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Bringing dark matter to light

The Canadian Particle Astrophysics Research Centre hosted two events celebrating International Dark Matter Day.

  • Engineers Sean Crawford and Jacob Morrisson display a model of a NEWS-G sphere they built.
    Engineers Sean Crawford and Jacob Morrisson display a model of a NEWS-G sphere they built.
  • Large crowds gather in the foyer of Stirling Hall to check out the Dark Matter Day live demos and get some treats.
    Large crowds gather in the foyer of Stirling Hall to check out the Dark Matter Day live demos and get some treats.
  • PhD candidate Matthew Chequers explains how astronomers are simulating the structure of dark matter in the universe using high-powered computing clusters
    PhD candidate Matthew Chequers explains how astronomers are simulating the structure of dark matter in the universe using high-powered computing clusters
  • The in-house speaker, CPARC's own Joseph Bramante, explains the link between dark matter, neutron stars, and heavy elements to a packed house at Stirling Hall.
    The in-house speaker, CPARC's own Joseph Bramante, explains the link between dark matter, neutron stars, and heavy elements to a packed house at Stirling Hall.
  • MSc candidate Joseph McLaughlin performs the ceremonial dumping of the liquid nitrogen to close the night's events.
    MSc candidate Joseph McLaughlin performs the ceremonial dumping of the liquid nitrogen to close the night's events.
  • MSc candidate Joe McLaughlin explains how the DEAP-3600 experiment will use liquid argon to detect dark matter particles.
    MSc candidate Joe McLaughlin explains how the DEAP-3600 experiment will use liquid argon to detect dark matter particles.

There are still many puzzles in our universe to be solved, but few are quite as puzzling as dark matter.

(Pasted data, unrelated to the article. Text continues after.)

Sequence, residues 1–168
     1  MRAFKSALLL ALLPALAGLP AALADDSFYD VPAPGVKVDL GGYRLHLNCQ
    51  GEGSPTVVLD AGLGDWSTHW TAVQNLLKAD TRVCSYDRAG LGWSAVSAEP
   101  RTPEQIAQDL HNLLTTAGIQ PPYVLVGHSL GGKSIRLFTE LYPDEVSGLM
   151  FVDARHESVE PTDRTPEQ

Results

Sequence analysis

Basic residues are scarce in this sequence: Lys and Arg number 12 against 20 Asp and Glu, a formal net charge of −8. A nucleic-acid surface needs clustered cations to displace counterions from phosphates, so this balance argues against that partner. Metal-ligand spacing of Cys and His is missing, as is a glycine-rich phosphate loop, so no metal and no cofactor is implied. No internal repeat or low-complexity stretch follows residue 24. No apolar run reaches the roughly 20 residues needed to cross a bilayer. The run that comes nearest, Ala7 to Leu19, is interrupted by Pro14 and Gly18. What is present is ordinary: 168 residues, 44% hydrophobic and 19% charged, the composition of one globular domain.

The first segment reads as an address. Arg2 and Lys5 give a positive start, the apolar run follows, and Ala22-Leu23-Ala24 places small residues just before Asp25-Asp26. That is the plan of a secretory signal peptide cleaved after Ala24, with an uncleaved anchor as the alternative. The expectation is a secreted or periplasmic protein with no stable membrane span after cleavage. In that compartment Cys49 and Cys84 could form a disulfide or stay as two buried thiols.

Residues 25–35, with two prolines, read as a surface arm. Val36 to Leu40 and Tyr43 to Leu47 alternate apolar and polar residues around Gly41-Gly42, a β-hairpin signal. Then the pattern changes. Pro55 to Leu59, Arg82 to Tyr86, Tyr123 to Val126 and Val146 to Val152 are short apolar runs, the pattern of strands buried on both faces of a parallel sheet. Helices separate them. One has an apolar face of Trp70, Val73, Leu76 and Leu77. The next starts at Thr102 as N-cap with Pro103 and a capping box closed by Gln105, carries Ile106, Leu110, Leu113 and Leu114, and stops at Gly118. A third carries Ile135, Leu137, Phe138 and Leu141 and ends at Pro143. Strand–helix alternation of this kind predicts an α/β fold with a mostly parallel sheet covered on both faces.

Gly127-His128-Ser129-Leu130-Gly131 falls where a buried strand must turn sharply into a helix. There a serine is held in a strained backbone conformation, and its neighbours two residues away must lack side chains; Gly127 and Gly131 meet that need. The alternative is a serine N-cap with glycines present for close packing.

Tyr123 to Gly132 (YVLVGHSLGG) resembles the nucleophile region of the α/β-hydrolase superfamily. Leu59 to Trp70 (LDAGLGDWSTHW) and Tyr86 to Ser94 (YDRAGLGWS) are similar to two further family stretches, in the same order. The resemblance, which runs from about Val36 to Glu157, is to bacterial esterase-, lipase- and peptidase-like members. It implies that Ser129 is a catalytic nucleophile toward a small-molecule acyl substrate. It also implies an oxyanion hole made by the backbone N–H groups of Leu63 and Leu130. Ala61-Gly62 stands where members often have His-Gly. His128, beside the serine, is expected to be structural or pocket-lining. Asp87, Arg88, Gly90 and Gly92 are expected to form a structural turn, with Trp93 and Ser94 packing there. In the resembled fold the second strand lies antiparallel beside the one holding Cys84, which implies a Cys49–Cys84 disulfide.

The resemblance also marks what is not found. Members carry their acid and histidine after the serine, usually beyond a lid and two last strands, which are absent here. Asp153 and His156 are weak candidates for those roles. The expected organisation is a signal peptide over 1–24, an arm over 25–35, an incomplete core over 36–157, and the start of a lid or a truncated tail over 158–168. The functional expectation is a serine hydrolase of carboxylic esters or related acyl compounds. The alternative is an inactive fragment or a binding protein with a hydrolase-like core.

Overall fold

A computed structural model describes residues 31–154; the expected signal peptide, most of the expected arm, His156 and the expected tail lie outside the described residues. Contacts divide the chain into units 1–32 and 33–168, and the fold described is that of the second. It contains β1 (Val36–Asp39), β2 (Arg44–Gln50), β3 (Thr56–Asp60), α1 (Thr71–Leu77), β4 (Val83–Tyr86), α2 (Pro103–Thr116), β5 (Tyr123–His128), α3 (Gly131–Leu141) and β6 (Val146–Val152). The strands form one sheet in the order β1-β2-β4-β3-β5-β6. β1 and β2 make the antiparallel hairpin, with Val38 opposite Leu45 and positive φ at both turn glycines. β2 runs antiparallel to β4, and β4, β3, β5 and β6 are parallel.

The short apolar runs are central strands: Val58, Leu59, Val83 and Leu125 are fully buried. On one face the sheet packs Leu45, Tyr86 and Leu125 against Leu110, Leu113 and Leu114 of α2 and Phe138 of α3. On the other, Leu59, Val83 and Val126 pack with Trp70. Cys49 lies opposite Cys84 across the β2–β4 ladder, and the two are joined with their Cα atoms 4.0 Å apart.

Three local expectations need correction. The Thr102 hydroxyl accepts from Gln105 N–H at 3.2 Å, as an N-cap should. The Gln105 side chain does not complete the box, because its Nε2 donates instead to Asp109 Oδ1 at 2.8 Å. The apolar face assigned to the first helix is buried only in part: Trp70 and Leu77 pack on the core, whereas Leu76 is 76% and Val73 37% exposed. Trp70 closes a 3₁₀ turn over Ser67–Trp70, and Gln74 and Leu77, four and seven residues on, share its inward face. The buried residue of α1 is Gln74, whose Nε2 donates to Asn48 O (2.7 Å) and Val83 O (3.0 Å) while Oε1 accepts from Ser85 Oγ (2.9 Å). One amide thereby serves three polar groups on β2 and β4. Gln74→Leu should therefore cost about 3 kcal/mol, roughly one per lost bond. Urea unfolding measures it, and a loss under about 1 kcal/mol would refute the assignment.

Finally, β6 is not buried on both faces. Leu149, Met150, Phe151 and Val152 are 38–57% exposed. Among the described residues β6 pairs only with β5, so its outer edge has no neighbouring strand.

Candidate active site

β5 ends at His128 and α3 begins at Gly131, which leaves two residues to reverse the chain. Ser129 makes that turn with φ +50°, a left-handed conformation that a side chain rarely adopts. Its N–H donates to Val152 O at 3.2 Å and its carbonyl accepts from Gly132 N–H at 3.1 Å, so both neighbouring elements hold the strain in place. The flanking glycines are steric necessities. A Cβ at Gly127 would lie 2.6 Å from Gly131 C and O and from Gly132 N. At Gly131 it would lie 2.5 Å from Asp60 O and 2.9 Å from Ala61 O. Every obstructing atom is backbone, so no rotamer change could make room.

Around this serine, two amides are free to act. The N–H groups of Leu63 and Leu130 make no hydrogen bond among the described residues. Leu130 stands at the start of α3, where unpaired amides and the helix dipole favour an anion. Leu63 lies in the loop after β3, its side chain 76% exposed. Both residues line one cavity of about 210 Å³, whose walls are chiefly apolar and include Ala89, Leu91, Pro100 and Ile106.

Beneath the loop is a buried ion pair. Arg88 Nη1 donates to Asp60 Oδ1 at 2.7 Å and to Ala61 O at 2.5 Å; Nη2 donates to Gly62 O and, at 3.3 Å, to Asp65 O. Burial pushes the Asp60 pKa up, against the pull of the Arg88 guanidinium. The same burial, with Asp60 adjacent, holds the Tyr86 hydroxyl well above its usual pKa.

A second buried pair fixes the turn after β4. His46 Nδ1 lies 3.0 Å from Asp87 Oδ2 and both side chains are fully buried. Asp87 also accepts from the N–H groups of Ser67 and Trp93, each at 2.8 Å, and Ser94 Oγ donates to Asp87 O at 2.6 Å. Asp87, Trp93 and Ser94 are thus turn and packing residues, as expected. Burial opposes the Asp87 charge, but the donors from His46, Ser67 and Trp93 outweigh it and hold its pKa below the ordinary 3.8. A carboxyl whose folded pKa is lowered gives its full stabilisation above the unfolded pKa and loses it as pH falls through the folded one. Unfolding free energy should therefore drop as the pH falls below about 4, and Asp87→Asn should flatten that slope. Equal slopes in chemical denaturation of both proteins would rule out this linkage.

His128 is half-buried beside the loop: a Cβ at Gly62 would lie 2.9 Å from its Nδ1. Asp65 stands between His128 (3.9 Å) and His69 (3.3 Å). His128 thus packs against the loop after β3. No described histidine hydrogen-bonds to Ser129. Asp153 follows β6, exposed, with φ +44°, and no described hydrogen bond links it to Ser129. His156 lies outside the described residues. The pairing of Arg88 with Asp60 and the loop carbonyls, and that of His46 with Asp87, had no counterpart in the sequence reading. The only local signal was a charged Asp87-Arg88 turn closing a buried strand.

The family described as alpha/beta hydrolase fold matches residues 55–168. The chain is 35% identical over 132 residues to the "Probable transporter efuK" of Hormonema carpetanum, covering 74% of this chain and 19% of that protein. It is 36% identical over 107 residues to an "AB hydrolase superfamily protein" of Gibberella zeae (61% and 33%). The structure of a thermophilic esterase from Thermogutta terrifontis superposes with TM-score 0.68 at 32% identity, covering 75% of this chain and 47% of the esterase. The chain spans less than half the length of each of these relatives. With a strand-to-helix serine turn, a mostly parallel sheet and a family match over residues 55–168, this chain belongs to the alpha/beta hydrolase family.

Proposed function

The invisible matter does not glow or absorb light, yet it makes up about 85 per cent of all matter in the universe. Luckily, astronomers and physicists from all over Canada are on the case.

The Canadian Particle Astrophysics Research Centre and Queen's University, in collaboration with the Dunlap Institute at the University of Toronto, hosted its first public event on Oct. 23 to celebrate International Dark Matter Day. The talk began with an inspiring message from newly-appointed Governor General Julie Payette, and the event itself featured several astronomers and physicists performing cutting-edge research on the subject of dark matter. The event also had live demos by Queen's astronomers and experimental physicists taking part in the SNOLAB collaboration’s search for dark matter.

More than 200 people attended the public event and learned about astronomical proof of the existence of dark matter, how to perform alchemy with dark matter and neutron stars, the reseachers at SNOLAB trying to detect dark matter, and other scientists who are trying to create dark matter.

In addition to the public talk, CPARC hosted a workshop for high school students on October 30 to continue the Dark Matter Day celebrations. Led by Nathalie Ouellette, CPARC Education and Outreach Officer, 31 Grade 10 to 12 students received a primer on dark matter based on materials created by the Perimeter Institute. They also had the chance to interact with Queen's researchers who are actively trying to solve the puzzle of dark matter. The workshop concluded with an exciting display of a 14-inch telescope.

Queen’s has a strong tradition of research excellence in the field of particle astrophysics with its researchers garnering many awards, including the 2015 Nobel Prize in Physics and the 2016 Breakthrough Prize in Fundamental Physics. In 2016, Queen’s received an investment of $63.7M from the Canada First Research Excellence Fund (CFREF) to support the creation of the CPARC. The centre aims to strengthen partnerships between Queen’s and other Canadian universities, attract top talent and build on Canada’s position as a leader in this field.

For more information on Dark Matter Day or the Canadian Particle Astrophysics Research Centre, visit their website